by TomC on May 30, 2014, 1:54 pm
seacliff dweller wrote:So my question is: what really determines whether a bean is suitable for espresso or not. I am confused.
Ultimately, your palate. Plus what I just wrote in the previous reply. Don’t be afraid to let the Konga rest a bit longer before being pulled as espresso. Most DP and nearly all Ethiopians have longer legs, i.e. they’ll last longer and develop flavors as they rest, better than other coffees. But again, I reiterate, my primary focus is sweetness. I don’t care how amazing a coffee might taste in the cup, if it’s sour and lacking sweetness, there’s no way I want to prepare a concentrated version of it. That’s what so many cafes/roasters fail to ultimately realize. You can’t roast to an Agtron number and call yourself an accomplished roaster, regardless of how you extract it.
TomC on May 30, 2014, 3:42 pm
LDT wrote:Tom,I roasted this coffee last night and hit 1C at a much higher temp than your graph shows. I’m at work so I don’t have the information handy, but I recall it was closer to 390F. I was using a charge weight of 235 gms. Is your temp of 377.4F at 9:36 correct and could this be associated with your roaster you were using? I also realize different themocouples, etc. could explain some of the difference. Any comments?
No lateral correlation can be made between the two different roasters, probes etc.
What’s more important is information about length of drying phase (very important), and post first crack development times. Aromatics from the tryer can tell you if you’ve pushed past the brighter, sour acids and developed the roast without over roasting the sugars. My finish is a tad slower so I can carefully monitor the development and assess the sweet aromatics, so I know once I cross that threshold I can immediately end the roast.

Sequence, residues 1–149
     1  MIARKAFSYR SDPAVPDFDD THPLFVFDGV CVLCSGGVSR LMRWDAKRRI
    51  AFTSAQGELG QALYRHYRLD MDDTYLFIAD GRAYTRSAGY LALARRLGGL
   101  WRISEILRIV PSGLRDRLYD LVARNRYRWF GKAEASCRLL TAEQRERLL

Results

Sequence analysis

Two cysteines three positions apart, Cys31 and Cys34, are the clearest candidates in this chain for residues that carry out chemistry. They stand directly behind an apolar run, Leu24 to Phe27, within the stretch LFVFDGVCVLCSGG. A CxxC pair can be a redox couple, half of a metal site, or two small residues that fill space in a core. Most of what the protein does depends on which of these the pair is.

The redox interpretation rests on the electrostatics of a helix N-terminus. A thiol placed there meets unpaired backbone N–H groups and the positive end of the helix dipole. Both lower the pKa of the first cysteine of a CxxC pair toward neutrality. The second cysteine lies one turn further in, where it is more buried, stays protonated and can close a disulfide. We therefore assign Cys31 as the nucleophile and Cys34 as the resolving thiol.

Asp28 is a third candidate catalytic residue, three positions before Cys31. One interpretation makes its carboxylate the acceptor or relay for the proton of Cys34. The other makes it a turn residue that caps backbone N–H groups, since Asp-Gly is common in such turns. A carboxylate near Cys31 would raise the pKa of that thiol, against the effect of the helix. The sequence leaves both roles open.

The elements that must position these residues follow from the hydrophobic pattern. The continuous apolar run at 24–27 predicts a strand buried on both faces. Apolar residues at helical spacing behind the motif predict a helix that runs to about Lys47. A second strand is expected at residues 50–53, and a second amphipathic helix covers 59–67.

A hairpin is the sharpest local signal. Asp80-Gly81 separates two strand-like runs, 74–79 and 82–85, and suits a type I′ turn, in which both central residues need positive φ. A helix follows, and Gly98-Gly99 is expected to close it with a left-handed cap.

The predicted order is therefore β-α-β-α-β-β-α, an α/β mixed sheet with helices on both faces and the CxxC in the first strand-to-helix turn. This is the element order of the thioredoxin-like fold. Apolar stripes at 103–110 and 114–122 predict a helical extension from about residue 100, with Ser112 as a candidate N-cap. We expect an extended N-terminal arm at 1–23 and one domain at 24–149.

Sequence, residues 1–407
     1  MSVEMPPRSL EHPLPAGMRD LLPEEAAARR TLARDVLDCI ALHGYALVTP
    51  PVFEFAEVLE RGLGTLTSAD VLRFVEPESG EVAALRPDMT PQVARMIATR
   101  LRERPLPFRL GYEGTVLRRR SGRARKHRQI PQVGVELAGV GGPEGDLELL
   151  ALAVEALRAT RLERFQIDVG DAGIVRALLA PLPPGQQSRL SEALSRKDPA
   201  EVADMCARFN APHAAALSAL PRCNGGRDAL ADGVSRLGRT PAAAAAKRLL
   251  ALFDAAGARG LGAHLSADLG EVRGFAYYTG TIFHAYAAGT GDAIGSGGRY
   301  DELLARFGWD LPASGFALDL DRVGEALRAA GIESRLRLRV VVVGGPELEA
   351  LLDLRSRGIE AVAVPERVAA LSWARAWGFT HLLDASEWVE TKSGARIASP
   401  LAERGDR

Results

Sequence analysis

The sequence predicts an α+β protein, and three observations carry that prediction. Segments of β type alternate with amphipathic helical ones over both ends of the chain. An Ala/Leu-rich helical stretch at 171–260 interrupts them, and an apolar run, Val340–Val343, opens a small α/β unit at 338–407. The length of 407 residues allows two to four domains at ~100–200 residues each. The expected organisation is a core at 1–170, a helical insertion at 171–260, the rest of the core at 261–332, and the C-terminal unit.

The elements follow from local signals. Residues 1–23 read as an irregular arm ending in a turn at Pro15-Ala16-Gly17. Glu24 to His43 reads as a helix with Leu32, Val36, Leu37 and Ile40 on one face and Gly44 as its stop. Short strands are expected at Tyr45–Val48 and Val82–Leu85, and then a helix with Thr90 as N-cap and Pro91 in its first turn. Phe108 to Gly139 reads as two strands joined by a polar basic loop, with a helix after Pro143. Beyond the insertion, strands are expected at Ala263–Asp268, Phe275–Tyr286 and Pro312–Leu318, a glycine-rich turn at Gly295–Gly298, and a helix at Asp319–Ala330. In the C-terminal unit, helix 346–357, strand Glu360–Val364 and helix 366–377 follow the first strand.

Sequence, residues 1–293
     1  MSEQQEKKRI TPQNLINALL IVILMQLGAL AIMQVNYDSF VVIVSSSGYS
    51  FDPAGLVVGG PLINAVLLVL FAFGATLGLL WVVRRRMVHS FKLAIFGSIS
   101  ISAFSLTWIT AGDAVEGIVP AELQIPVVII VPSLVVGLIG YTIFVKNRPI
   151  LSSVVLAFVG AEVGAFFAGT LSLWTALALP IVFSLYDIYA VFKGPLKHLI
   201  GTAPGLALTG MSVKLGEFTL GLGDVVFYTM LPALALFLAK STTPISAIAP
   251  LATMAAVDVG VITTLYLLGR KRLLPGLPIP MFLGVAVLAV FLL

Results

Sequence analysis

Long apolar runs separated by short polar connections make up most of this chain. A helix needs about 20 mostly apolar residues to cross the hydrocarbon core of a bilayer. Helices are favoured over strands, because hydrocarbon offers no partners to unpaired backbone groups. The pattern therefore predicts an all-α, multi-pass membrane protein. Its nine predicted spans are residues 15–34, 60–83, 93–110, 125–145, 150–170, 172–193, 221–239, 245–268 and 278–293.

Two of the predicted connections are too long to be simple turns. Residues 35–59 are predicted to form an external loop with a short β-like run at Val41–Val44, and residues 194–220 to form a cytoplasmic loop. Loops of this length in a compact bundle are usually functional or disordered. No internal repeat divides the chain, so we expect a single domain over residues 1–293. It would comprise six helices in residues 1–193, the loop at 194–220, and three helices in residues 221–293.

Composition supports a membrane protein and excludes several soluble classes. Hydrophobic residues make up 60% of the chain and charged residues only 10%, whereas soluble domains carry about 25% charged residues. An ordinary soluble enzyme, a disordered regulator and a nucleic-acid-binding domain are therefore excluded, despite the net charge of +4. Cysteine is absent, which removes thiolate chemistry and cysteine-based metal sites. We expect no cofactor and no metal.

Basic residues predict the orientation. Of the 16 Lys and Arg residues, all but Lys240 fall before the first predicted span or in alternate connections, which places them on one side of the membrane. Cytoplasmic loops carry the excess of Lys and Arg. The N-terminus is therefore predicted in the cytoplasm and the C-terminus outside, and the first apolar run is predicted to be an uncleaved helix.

by TomC on Jun 02, 2014, 12:32 pm
The ferment is greatly tamed, its no longer waiting to kill the finish after the fruit hits up front like ir did 36 hours-2 days post roast. Now it’s something softer, smoother, and more gently integrated into the cup without insulting it. There’s no doubt that it’s a natural processed coffee, but I can put this in front of 10 professional cuppers and tell them that I’m asking them to assess a new dry processed Geisha and 9 of them would believe me. They’d probably sell a kidney to be able to get it all bought up too.
Ok, a bit more organized:Brewed 4 days post roast, 15:1 Kalita Wave. This time, brew water was 195°F. I think that helped tame the ferment (plus the aging)
Dry Fragrance: explosive, pungent, lush, purfumed blackberries. See Green Tip Geisha
Aroma: Enveloping, bright laser like focused Jolly Rancher berry and about a gallon of agave syrup sweetness.
Flavor: Put on your seatbelt, you’ll be here for a while. I haven’t tasted fruit like this since the Green Tip Geisha (that cost more than 20x per pound) and this has the Green Tip trembling in it’s massive shadow. Again, this isn’t coffee. This is something else entirely. I’ve never experienced anything this focused on one crystal clear blackberry flavor. This has Don Pachi shamed. There’s delicately perfumed jasmine, but it’s not heavy, the only thing my tastebuds can perceive is some kind of ultra sweet pineapple upside down cake that just happens to be buried in a mountain of blackberries. I doubt I’ll ever gush over another coffee like this one. Nobody should miss this experience.
Acidity: moderate, delicate slightly acetic, like a very fine Pinot Noir.
Finish: At least 20 minutes of tongue happiness. This is too good to be artificial, but it would be hard to convince a non coffee nutcase that this is just a ground up coffee bean.
I’ll never expect to score another coffee higher. This is a 97 point coffee, right here, in my kitchen, from my roaster. This coffee kicks dirt on my Geisha blend I competed with. I ordered 5 pounds (after the first 2 for a total of 7 on hand) and I think I’ll go back and buy as much as I can store up. I’ll throw stuff out of the deep freezer to make room for this coffee vac sealed and kept. If I were to sit here and fill out a SCAA scoring sheet, I’d land somewhere near a 93, but the fact that this experience is so focused, so intense, perfectly unique, it redefines what a natural Ethiopian can be, it demands more. This has every Geisha I’ve ever tried (quite a few) beat, and stands only with the Cerro Azul AAA Geisha from Colombia. Nothing else comes close. Not to my palate.
Get this coffee.